What will boost your home's value? You want to add a sunroom but will that bring in the biggest bang for your buck? How about a new bathroom? It's a common question that many homeowners ask. What will we get back when we sell? This can be a hard question to answer but luckily Bankrate.com and Remodeling Magazine has come up with a list of the worst home fixes for the money. Here are the six improvements that ranked dead last nationally when it comes to getting those renovation dollars back at resale. 1. A Home Office-The standard home office renovation is this year's biggest loser in the resale value sweepstakes. Nationally, homeowners spent an average of $28,888 and can expect to recoup about 45.8 percent at resale, according to the report. If you want to enjoy a home office opt for something that is easily converted back into a bedroom or den. 2. Backup Generators-This only usually brings about negative thoughts like does this home loose power often? On average, when homeowners have a heavy-duty backup power generator installed, they spend about $14,718, according to the report. The average amount of the price recovered at resale time: 48.5 percent. 3. A Sunroom-While the thought is sitting and enjoying a sunroom may sound lovely to you but the addition of a sunroom is often more than you can recoup. The national average for a sunroom addition is $75,224, according to the report. Homeowners can expect to recoup about 48.6 percent when they sell. 4. A Master Suite-It is the price tag of this addition that can also leave sellers in the red. For a super-deluxe master suite addition -- which adds square footage and uses only top-dollar materials -- the average cost is about $232,062, according to the report. Sellers can expect to recover about 52.7 percent at resale. 5. An Extra Bathroom-Wait kitchens and bathrooms sells houses or that’s what people say. Bathroom additions are very expensive. For a moderately outfitted addition with synthetic stone or plastic laminate surfaces, plan on the cost about $21,695, according to the Remodeling report. Go upscale, with finishes like premium marble or fine tile, and you can easily spend in the neighborhood of $40,710. You can plan on a return of about 53 cents on the dollar. Look for less-expensive way to get the same results. Try reconfiguring your existing space to add a bathroom for less. 6. A Dream Garage-The price tag for a top-of-the-line detached two-car with all the trimmings is about $90,053, according to the report. This is a garage that is completely top-of-the-line. You can expect to recover about 53.6 percent of that when you sell. Instead go for function over form and stick the basic garage if you plan on a garage project.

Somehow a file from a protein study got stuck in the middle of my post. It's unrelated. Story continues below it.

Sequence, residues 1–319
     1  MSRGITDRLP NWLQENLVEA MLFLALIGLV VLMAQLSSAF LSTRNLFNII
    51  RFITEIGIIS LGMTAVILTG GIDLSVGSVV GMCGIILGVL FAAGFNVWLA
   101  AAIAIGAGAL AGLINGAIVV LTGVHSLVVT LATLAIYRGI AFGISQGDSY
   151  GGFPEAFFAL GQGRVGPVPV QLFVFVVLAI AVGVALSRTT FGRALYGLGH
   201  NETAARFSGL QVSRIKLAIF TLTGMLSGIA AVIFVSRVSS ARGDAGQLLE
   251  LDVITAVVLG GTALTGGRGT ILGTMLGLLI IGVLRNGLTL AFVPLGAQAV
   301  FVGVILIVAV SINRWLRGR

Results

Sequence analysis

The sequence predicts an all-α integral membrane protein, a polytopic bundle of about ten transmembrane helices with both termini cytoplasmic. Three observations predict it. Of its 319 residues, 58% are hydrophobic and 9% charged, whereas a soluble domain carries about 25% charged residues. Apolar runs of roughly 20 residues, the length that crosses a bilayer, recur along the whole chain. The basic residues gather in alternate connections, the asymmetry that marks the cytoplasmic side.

Posted by Lea Nabipour on 6/27/2016

Money experts recommend having an emergency fund, however, that is easier said than done. You will want to have at least three to six months of living expenses in your emergency fund. Here are some tips on how to get there: Determine how much you need                                                                                               Calculate how much you spend each month. Add up your rent/mortgage, car payments, insurance, food and utilities. This will give you an idea of how much you will need to save. Start small If you find it hard to save, start by saving small amounts. Even if you only saved $20 per week for one year, you would increase your savings account by $1040.00 Have achievable goals                                                                                                                     Start with a small goal and gradually work towards a larger one. Set your initial goal of one month's savings and build upon that. If you start small and make savings a habit it will be easier to save. Make it automatic                                                                                                                           Set up automatic contributions to your savings account. Move a specified amount of money to your savings account through direct deposit. If you do this you may not even miss the money. Watch where your money goes                                                                                                 Keep track of how much money you spend. Calculate your spending average and try to spend less. Another great way to save is to find areas where you can cut back. What are some of your best tips for saving money?